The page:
Media reports and the speculators game that is the stock market continue to amaze:
Dow up on euro zone bailout hopes!
Greece may break away, but euro zone to survive! Dow soars!
Wall Street is bullish again with Spain good news!
Bernanke says Fed is prepared to act!
With all the manipulation they experience, markets stopped being a true gauge for publicly-owned companies’ health a long time ago.
Some companies are still carrying a little more debt than they’d like, but many of them are sitting on pretty substantial stockpiles of cash, too.
Drops in the market should be taken with a grain of salt.
That is, until after November’s presidential election.
It is very much in the current administration’s best interest for the Dow, NASDAQ and S&P to remain at good levels. The Federal Reserve (Fed) being “prepared to act,” signals there is no way the market will take consistently precipitous drops between now and November. If it does, it might cost the current administration the election—they need these indexes at investor-confidence levels, as they are the one piece of the economy that still looks good–at least on paper.
You say investors drive the market and I agree to a point, but institutional investors make up the majority of those who play on Wall Street. They are the ones who do most of the daily buying and selling.
Ma and Pa Main Street typically have the bulk of their stock market investments tied up in their 401ks, which never should have been jammed down our throats as traditional retirement pension fund replacements. These 401k vehicles are not retirement funds, subject to speculation, are at any given time at the mercy of market conditions and can be decimated, if not completely wiped out, when said market conditions suddenly deteriorate. You work hard all your life, invest in 401k’s and may not have much to show for it should your retirement come at a time of loathsome market conditions.
The housing piece of this puzzle is less controllable by the federal government than the stock market. Banks do the lending, and I use that word lightly, as last time I checked, banks are still not lending all that much. Since most of the job growth that occurred during our last bull run from 2009 to recent days was in the government sector and has been pretty much maxed out with many states running huge deficits, we’ve looked to the private sector for job creation now. The problem with this is small and medium-sized businesses cannot get loans they need to expand, from the same banks that are hamstringing the housing market comeback by being stingy with financing.
So to partly summarize to this point, I would suggest housing and employment can continue at even less than pedestrian rates, but the stock market must perform at above average levels if the current administration has any chance for reelection.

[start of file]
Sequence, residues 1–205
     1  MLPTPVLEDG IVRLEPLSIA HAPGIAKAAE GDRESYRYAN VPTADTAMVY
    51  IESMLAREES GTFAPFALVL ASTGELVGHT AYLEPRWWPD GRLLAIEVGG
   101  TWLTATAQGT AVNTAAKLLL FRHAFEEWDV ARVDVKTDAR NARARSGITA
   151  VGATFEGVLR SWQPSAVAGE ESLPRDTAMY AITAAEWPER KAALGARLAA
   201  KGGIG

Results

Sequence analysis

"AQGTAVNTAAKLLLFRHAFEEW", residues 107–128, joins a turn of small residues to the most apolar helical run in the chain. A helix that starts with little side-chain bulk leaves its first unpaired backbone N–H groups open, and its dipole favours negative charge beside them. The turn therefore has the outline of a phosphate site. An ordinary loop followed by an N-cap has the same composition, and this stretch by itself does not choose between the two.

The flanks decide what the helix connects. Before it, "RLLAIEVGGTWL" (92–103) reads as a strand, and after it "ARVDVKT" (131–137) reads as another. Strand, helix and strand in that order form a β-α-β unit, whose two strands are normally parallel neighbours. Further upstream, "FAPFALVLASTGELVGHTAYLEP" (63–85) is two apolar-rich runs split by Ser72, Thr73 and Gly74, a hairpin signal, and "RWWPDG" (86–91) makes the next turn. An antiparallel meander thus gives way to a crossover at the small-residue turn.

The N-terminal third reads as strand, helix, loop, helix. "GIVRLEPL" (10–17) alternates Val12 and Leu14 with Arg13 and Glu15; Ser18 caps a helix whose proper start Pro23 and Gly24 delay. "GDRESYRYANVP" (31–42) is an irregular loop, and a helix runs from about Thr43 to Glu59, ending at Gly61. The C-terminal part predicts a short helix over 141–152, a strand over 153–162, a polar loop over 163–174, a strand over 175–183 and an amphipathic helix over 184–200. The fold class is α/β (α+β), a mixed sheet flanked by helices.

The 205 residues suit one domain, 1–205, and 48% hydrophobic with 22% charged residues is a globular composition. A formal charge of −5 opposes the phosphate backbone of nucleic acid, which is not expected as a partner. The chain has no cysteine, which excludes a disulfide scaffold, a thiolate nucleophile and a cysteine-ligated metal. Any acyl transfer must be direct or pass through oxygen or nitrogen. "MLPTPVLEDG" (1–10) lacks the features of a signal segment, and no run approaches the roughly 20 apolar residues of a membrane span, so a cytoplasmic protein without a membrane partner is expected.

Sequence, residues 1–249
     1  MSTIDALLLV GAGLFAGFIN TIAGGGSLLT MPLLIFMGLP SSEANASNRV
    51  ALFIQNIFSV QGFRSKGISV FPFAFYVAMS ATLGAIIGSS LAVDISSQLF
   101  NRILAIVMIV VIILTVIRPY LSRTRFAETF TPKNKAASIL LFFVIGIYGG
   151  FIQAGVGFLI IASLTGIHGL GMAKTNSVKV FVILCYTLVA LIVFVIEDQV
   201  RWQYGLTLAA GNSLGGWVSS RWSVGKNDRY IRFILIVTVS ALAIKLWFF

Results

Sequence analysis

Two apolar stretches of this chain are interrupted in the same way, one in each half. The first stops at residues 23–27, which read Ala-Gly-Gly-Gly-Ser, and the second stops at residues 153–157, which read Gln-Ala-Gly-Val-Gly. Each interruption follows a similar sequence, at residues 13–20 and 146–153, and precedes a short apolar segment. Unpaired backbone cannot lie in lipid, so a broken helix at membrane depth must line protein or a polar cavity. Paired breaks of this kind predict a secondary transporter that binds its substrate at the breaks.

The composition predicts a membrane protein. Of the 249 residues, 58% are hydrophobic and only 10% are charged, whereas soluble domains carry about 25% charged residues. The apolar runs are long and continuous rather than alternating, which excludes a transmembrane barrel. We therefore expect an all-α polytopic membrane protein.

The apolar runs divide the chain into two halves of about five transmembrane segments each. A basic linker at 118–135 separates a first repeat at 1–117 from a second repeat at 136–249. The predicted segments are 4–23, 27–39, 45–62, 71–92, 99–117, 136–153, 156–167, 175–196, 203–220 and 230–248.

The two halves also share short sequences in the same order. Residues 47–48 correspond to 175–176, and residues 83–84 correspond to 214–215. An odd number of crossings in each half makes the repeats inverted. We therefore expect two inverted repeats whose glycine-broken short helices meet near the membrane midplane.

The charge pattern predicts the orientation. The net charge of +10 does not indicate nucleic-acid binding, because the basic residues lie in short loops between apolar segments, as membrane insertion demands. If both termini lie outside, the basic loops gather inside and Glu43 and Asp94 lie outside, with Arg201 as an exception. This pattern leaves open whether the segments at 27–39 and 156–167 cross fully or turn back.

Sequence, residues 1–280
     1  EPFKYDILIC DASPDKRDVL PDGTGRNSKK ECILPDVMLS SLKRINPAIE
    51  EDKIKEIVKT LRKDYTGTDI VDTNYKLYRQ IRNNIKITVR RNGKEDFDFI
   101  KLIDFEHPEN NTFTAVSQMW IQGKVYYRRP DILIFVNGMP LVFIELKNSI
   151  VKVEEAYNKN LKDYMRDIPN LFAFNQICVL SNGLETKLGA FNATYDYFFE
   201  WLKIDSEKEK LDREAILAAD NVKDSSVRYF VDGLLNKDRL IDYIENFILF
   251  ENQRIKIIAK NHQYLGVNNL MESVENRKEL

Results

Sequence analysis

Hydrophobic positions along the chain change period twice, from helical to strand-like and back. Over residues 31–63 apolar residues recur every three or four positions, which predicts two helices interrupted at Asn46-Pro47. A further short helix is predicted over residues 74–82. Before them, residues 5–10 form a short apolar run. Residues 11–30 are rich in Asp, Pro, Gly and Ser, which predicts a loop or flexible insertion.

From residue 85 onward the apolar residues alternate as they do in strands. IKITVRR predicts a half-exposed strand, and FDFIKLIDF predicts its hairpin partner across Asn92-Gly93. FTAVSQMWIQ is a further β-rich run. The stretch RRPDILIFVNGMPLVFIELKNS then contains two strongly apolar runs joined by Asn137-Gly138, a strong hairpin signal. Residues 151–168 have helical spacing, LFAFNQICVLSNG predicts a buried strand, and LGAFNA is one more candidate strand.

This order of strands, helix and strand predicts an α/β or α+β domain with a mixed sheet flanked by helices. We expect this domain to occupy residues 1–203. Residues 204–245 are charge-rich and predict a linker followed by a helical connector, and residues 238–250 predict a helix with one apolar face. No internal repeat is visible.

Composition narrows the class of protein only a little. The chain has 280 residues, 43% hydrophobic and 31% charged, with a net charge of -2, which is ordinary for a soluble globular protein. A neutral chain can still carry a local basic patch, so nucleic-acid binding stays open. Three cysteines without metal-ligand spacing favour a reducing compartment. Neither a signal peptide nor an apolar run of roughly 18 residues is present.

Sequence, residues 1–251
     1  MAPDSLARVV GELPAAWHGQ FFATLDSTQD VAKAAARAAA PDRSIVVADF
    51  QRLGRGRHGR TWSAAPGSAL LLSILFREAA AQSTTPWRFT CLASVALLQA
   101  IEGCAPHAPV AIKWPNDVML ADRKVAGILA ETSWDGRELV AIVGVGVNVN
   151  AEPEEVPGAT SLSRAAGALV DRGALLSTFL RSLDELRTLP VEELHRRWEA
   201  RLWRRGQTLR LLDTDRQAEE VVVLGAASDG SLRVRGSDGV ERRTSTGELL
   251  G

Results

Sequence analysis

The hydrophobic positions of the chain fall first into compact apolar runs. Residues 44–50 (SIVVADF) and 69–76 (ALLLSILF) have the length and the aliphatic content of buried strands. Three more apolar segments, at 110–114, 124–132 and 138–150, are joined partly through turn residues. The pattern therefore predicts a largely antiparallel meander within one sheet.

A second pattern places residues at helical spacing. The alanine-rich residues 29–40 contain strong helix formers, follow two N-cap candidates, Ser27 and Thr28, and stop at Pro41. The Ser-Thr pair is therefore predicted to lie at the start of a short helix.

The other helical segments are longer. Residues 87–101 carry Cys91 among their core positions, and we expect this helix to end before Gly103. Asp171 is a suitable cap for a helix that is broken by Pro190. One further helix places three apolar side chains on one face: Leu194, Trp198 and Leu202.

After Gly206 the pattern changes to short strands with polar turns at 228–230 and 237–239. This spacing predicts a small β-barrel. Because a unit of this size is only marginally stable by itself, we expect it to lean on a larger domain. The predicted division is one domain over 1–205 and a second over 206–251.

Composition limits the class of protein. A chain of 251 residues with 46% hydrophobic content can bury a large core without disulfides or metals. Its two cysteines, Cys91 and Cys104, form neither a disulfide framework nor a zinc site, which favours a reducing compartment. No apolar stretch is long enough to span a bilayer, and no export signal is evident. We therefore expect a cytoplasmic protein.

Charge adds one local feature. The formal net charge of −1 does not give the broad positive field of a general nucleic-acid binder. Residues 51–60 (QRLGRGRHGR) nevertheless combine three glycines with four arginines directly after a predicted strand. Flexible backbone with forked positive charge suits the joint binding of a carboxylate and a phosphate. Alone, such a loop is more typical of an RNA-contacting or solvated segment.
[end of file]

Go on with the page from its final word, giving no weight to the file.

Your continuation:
In order for this to be the case, the Fed has to be prepared to act!
Ben Bernanke did not tip his hand earlier today for what course of action the Fed will take when it meets next, June 19-20.
As long as the Dow continues to flirt at or above the psychological threshold of 12,000, things will be considered good. And things being good, the Fed will sit on its hands come the nineteenth, finding little need to dig into their toolbox and sprinkle magic elixir on the economy in the form of additional stimulus.
If they deem further stimulus necessary, it won’t be called quantitative easing (QE III), either. It’ll be called something else. This is where good marketing and public relations come into play. Different adjectives and nouns are like a salve when it comes to selling the American public a bill of goods.
Many citizens do not want the Fed further purchasing bank financial assets with newly printed money, whatever the Ben Bernanke gang calls it. The gang knows this as well, and unless the markets hemorrhage losses between now and June 19, the pronouncement at that time will be something akin to, “although developments in the European arena continue to pose significant risks to the U.S. economy, at this time, the economy is still growing, albeit slowly, and further stimulus means will not be implemented. We will continue to monitor the economy for signs of weakness, and will remain ready to take whatever actions necessary to keep the economy growing.”
We now return you to my earlier mention of publicly traded companies, their cash flows and their not hiring…
These companies are as healthy as they’ve been since before the 2008 Lehman Brothers crash—both on paper and in reality. A lot of them are consistently posting great earnings reports.
Why are they not hiring?
One reason (among many), quite possibly, is the stock market bubble we’ve inflated by flooding our capital markets with fresh dollars since that crash, is not sustainable. CEOs understand that another harsh correction in the near term is not out of the question and so have put the brakes on any expansion plans.
Another reason is, like housing, many of these companies remain overvalued and aforementioned CEOs know in their heart of hearts this to be true. Can you say Mark and Facebook?
They will hang on until November, though.
Then things get interesting.